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While the US presidential primary race is all but over, primary elections for down ballot races continue. Christopher A. Cooper takes a close look at the Republican primary for North Carolina’s 11th Congressional District. He writes that the departure of former Representative Mark Meadows to be President Trump’s Chief of Staff has led to an unusual race to replace him, with a second primary now underway which is being fought between two candidates with very similar policy profiles. 

More than two months after North Carolina held its March 2020 presidential primary, the most interesting primary battle in the state, and one of the most interesting in the country, continues to rage. North Carolina’s 11th congressional district, located in the far Western corner of the state which lacks any large cities, had been the friendly home to Republican incumbent Mark Meadows since 2012. Despite recent redistricting that made the 11th slightly more competitive, Meadows was expected to once again skate easily to re-election, until he jolted the district and the country to attention, resigning his seat last December to become Chief of Staff to President Trump. The resulting battle to replace Meadows is still under way and what happens may tell us a lot about the shape of the country and the way elections are run moving forward.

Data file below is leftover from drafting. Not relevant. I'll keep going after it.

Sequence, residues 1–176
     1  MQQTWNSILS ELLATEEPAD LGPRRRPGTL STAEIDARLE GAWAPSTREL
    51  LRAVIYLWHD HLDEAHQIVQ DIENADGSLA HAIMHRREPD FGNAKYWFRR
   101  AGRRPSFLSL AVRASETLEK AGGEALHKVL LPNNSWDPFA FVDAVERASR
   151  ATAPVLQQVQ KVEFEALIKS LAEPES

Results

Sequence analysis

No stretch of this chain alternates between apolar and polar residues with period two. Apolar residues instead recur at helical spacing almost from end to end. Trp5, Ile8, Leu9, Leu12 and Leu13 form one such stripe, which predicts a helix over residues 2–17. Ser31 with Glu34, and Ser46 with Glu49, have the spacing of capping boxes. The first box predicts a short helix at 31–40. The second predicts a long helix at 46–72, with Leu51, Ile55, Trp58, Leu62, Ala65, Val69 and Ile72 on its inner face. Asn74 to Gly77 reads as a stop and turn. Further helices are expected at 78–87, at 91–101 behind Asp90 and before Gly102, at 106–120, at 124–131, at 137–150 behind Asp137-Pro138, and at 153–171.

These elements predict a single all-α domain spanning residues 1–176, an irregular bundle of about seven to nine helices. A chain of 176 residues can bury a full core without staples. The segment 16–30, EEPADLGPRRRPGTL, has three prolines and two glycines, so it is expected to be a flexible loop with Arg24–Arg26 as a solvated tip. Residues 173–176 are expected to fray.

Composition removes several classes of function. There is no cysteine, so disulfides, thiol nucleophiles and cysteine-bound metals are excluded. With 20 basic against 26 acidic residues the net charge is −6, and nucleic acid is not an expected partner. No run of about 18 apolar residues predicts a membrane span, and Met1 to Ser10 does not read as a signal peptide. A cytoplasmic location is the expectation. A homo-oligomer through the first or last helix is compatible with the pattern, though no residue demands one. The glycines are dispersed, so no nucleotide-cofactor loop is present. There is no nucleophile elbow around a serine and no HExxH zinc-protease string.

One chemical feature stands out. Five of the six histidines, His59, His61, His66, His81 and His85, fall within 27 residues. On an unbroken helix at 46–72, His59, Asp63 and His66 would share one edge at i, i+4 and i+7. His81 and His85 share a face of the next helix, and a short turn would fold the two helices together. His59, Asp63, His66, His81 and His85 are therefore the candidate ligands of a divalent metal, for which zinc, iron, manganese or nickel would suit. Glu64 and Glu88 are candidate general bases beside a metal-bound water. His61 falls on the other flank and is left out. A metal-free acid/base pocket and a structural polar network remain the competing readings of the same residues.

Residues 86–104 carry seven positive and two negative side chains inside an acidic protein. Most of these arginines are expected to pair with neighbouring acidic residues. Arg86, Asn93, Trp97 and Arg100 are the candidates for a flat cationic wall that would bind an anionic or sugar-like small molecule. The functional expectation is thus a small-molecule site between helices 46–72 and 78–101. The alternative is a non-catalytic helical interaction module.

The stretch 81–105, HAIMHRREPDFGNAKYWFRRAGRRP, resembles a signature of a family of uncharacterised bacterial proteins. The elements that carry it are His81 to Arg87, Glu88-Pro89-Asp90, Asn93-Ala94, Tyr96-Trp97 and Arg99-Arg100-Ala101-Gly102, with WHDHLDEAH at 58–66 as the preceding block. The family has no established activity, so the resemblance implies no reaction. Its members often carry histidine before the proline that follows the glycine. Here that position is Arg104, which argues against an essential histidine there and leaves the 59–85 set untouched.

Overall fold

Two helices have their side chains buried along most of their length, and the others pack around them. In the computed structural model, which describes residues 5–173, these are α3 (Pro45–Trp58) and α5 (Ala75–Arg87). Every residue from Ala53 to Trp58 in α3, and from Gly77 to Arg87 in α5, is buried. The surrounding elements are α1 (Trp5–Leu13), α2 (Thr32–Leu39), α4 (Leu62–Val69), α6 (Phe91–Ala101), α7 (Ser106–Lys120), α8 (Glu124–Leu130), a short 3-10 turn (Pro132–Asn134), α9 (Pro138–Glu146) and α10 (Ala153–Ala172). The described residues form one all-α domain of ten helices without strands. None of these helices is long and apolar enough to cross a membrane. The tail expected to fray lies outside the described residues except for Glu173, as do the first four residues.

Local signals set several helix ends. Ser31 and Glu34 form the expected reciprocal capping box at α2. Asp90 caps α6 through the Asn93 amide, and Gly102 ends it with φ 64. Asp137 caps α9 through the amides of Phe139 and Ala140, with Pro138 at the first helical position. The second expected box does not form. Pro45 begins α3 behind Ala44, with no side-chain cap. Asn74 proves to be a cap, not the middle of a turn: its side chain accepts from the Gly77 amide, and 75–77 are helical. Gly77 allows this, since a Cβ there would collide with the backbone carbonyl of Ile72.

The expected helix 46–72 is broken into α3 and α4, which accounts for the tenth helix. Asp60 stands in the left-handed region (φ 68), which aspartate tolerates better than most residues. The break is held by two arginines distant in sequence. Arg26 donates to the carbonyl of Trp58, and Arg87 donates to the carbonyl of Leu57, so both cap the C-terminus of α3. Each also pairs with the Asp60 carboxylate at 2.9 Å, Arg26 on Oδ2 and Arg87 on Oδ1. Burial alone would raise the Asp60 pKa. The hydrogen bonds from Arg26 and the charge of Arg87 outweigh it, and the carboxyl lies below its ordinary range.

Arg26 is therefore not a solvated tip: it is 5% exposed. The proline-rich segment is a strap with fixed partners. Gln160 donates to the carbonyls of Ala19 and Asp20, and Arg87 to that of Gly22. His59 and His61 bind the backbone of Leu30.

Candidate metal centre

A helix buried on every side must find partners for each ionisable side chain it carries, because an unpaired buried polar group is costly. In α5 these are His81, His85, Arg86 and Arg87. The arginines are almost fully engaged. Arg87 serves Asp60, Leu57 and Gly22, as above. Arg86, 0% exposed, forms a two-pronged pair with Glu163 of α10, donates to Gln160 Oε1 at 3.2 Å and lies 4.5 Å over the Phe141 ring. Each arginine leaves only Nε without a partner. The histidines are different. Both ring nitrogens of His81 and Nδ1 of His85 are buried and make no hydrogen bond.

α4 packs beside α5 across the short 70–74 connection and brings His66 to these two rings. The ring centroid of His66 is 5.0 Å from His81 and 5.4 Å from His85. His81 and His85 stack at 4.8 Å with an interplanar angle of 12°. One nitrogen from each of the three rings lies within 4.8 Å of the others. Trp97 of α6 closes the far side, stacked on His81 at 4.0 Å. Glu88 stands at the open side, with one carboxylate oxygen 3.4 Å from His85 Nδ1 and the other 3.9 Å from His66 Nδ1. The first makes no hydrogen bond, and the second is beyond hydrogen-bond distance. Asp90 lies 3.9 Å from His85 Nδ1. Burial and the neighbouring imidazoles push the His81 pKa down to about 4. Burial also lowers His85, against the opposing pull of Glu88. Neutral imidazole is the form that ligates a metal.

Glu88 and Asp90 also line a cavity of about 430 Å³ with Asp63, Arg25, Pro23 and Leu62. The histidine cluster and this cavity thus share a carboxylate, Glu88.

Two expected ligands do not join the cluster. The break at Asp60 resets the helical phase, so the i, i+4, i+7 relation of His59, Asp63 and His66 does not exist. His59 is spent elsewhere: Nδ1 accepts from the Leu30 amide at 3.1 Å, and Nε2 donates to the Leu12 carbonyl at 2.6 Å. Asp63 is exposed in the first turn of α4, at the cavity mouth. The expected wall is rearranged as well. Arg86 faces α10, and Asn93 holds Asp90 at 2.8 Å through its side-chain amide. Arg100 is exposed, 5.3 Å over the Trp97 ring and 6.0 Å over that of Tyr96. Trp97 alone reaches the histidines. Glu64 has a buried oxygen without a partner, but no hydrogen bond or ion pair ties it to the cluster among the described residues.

The Timing

The intrigue surrounding the 11th congressional district primary surrounded not just the incumbent’s resignation, but the timing of his resignation. Mark Meadows announced his retirement from the US House of Representatives on Thursday, December 19, at 5:33 AM—30 hours and 27 minutes before the deadline to file for the seat, and three days after the deadline for candidates who had already declared for another race to withdraw and run in the 11th. Whether intentional or not, the timing of this decision effectively locked out experienced politicians and created a chaotic environment with no clear favorite and considerable confusion.